Today, again, we continue our look at what the Christian disciple looks like. Today's readings give us two more good descriptions.
In the first reading, the Christian disciple is foolish! Or, at least, the disciple is foolish in the eyes of the world. St. Paul tells us in great detail that the wisdom of men and women in the world, however great it may be, is nothing in comparison to the wisdom of God. It is God who created the world and all its wonders, and it is God who knows the depths of the human heart. So often we are confounded by the mysteries of life: why do people get sick, and why do they die? Why is do people suffer? It all seems so foolish to us, with our limited vision. But God's vision is vast and comprehensive: God alone has the big picture. Because God created us, and created the world and all its wonders, God knows how it all should work, and what will happen to it, and what it will all become. The Christian disciple, Paul tells us, lets God be God and recognizes that our own limited knowledge can never lead us to the Kingdom. The Christian disciple may be foolish in the eyes of the world, but the Christian disciple knows that God's wisdom is so much more precious than anything the world may try to pass off as wisdom.
In the Gospel reading, the Christian disciple is not foolish! Much like yesterday's Gospel, today's Gospel paints a portrait of the Christian disciple as one who is ready for the coming of the Master. The difference in today's story is that the Christian disciple, like the wise virgins, not only look's for the Master's return, but is actually prepared to welcome him. The foolish virgins were of utter contempt because they had one specific purpose, to light the way for the Bridegroom. Journeys in that day took time, and people would often be delayed. It only stood to reason that they would have procured extra lamp oil and brought it with them. But for some reason they were distracted. Whatever it was that distracted them, it succeeded in deterring them from their purpose and left them locked out of the banquet. Let nothing ever deter the Christian disciple from his or her one mission: to light the way to Christ in everything that they do. God forbid the disciple would be deterred from the mission and end up locked out of the wedding feast that God provides.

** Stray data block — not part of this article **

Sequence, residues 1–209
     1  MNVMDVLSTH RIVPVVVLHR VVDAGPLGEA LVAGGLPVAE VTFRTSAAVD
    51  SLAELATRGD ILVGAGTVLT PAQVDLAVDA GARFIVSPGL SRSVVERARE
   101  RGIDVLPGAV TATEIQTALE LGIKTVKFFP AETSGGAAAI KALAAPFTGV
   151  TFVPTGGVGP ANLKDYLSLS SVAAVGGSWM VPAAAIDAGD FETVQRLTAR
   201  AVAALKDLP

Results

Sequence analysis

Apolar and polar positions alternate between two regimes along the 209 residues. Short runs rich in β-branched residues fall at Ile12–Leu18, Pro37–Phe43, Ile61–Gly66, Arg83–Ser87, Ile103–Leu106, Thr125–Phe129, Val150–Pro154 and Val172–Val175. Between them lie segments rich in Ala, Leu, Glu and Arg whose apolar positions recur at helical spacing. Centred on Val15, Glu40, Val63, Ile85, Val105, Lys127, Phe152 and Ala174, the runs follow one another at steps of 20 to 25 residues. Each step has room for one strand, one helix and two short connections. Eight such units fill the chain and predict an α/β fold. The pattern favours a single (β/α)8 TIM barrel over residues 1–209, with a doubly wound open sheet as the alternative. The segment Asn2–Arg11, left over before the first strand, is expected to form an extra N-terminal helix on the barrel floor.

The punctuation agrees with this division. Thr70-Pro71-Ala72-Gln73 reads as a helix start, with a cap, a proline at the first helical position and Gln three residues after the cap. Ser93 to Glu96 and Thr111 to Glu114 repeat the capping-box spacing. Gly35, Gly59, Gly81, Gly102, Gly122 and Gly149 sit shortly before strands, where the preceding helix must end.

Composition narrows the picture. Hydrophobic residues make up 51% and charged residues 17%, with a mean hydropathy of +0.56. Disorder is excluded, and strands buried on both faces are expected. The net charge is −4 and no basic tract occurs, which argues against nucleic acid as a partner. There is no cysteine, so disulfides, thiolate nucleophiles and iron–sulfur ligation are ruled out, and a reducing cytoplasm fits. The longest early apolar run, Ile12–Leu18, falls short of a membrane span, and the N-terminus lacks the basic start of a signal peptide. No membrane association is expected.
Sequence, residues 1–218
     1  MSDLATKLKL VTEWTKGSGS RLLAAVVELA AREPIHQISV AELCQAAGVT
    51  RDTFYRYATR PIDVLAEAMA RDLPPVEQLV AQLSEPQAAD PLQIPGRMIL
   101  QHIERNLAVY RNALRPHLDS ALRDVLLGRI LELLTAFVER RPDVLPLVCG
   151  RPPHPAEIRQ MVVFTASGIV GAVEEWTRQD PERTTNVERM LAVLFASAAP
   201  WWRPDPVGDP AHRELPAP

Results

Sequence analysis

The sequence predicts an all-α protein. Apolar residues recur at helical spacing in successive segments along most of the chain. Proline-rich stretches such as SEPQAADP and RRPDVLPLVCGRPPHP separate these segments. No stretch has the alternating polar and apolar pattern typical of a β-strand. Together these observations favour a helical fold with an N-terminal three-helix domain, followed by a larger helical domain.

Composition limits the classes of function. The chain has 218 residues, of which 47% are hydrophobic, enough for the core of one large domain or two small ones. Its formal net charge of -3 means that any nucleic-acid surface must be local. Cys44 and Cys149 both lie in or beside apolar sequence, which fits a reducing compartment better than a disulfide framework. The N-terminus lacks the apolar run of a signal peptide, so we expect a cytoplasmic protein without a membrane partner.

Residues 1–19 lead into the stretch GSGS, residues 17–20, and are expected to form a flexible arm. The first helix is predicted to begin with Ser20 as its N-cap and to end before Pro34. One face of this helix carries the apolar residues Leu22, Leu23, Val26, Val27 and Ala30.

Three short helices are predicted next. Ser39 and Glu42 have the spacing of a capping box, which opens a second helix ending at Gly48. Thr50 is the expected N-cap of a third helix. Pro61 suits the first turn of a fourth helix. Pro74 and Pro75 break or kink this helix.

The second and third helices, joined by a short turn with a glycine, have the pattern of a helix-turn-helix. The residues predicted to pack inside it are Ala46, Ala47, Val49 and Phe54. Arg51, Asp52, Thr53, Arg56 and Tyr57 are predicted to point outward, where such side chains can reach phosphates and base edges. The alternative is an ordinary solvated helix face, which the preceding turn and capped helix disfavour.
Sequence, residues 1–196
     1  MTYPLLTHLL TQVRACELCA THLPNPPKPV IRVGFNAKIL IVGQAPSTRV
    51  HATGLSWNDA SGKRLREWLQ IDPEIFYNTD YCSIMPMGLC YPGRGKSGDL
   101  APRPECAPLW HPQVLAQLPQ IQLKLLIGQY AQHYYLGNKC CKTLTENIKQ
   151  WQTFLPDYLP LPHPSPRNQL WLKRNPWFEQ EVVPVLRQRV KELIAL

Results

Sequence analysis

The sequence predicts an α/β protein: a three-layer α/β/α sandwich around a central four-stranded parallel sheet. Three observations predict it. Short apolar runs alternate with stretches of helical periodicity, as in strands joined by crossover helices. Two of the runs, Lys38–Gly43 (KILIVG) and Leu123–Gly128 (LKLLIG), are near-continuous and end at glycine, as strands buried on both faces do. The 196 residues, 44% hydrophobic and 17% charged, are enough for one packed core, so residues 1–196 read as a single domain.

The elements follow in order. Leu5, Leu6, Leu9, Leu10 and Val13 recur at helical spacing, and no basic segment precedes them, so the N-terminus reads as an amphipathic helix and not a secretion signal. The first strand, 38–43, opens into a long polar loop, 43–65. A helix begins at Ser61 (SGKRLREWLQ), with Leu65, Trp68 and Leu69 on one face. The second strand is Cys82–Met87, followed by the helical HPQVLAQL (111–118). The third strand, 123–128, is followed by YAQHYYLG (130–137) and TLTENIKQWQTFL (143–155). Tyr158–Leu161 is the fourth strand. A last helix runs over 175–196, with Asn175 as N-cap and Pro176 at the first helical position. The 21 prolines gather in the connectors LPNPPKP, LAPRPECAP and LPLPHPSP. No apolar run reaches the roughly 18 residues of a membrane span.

We've seen in these last few days what the Christian disciple looks like. The disciple is not disorderly and lazy, but works tenaciously. Their lives are marked by authenticity and righteousness that permeates from a grateful heart. They are hard at the Lord's work and are prepared to meet the Christ the Bridegroom when he returns. They look for God's purposes to guide them through life, regardless of how foolish it may make them look to the world. What is it that we see when we look at ourselves? May it be our prayer that every time we take a look at ourselves, we look more and more like disciples of Jesus Christ.